The issue with an ISR-based approach is that it's an interrupt. It interrupts things.
Using the built-in timer compare match features to toggle a match pin is done completely in hardware. You can have code running on the processor and it has no idea that the timer is toggling the pin.
When you use an ISR to toggle a pin, you have more flexibility (you can do more than just toggle a pin, and you can toggle whichever pin you want), but you now have lots of interrupts, interrupting your code. This can upset timing-specific routines, or, at high frequencies, incur unnecessary overhead (your interrupt can become a large portion of the overall instruction count, eating away at cycles that could be used by the main program).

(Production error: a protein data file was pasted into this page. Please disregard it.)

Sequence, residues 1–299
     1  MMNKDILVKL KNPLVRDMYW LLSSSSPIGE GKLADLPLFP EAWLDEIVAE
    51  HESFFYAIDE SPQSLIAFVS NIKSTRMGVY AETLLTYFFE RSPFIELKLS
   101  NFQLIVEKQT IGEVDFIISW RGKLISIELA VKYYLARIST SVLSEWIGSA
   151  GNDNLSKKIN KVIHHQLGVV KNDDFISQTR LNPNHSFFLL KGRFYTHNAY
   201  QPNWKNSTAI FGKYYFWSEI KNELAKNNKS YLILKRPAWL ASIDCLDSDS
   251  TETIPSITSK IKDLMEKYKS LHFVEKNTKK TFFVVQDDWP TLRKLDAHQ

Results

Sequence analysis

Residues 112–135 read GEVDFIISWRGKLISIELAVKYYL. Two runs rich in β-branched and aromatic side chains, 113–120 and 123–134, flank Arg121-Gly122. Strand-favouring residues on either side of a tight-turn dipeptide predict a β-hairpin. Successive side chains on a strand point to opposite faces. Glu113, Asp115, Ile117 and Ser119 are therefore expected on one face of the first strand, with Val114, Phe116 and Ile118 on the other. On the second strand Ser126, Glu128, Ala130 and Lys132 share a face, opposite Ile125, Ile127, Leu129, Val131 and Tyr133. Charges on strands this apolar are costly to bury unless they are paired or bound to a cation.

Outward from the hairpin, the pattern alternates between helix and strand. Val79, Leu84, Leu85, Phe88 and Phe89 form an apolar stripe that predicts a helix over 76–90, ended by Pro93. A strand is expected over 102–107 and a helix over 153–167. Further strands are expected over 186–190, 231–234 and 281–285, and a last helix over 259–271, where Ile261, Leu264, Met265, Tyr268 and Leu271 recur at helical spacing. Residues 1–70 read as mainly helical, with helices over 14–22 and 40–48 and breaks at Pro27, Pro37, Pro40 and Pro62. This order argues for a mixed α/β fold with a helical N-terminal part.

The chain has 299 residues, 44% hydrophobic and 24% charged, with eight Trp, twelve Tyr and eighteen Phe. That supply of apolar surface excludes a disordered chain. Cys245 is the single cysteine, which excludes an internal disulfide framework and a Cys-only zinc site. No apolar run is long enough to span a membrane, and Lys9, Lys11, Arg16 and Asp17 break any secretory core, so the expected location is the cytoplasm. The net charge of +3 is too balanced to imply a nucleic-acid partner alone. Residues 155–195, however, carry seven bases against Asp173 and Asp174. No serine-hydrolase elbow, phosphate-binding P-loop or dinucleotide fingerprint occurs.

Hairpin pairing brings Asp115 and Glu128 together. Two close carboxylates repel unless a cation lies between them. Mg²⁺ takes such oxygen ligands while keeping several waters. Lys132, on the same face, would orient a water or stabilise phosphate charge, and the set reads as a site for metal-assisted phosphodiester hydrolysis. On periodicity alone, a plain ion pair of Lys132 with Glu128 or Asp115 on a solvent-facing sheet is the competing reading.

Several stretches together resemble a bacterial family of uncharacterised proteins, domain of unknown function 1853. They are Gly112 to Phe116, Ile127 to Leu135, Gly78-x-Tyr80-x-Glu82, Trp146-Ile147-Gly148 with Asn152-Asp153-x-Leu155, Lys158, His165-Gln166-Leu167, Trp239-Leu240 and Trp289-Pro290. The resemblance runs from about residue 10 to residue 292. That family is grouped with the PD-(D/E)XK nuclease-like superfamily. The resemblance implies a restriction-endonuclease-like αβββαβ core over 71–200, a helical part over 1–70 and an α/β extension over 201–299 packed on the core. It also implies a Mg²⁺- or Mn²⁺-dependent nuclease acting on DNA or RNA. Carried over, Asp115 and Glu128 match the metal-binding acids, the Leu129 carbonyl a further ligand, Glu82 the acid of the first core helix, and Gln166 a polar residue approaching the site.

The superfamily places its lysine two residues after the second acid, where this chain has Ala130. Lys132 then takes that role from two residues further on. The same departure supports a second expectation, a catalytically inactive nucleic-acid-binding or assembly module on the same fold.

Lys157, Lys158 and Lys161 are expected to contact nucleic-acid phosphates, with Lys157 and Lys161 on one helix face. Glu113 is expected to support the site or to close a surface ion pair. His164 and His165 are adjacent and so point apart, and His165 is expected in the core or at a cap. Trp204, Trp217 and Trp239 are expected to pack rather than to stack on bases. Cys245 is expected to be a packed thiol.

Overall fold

Which one would generate more accurate pulses?
The timer match feature will likely generate more accurate output, unless you are very careful when programming your interrupts. In fact, to get accurate PWM/pulses with ISRs, you'll probably need to write your ISRs in assembly so that you have know how many cycles they take, and then account for this in your code that sets the timings. Basically, the overhead of entering the ISR is going to affect things, timing-wise.
In general, if it's possible to do what you want to do with the timer match pins, do it that way so you don't have the extra interrupt overhead. If it's not possible to accomplish what you need with the timers alone or you've run out of timer pins, then use an ISR.